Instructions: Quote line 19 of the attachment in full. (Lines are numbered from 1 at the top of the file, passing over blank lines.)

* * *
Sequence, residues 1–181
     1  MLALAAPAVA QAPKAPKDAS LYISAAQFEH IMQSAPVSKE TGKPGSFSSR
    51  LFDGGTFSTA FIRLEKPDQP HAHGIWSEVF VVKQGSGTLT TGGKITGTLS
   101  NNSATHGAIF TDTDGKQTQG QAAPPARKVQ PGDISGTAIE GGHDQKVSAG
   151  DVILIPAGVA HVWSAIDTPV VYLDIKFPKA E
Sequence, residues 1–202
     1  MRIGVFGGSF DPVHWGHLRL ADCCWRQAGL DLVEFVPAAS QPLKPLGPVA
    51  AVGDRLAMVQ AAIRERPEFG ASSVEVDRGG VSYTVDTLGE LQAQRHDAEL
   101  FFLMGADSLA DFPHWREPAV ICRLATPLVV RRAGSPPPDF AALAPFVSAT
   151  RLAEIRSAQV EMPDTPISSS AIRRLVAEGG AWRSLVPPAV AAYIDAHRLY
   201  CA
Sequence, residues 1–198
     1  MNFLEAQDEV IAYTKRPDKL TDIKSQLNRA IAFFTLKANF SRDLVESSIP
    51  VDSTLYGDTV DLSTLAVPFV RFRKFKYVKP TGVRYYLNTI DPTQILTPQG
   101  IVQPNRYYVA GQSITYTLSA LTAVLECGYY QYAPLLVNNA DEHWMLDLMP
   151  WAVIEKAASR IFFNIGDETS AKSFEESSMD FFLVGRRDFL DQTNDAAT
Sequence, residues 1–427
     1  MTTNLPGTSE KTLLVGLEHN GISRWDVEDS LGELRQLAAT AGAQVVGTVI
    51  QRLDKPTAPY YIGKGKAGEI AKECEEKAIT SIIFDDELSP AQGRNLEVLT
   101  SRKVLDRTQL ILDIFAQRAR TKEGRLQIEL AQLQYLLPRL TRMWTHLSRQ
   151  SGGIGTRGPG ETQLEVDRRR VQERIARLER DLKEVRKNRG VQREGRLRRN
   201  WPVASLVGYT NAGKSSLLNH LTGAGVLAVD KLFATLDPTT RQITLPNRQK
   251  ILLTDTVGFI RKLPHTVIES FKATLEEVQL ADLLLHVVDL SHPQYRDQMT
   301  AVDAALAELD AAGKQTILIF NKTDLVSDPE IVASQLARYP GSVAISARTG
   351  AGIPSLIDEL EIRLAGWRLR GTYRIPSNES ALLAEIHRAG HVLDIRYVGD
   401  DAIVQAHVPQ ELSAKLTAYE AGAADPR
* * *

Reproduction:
    51  QRLDKPTAPY YIGKGKAGEI AKECEEKAIT SIIFDDELSP AQGRNLEVLT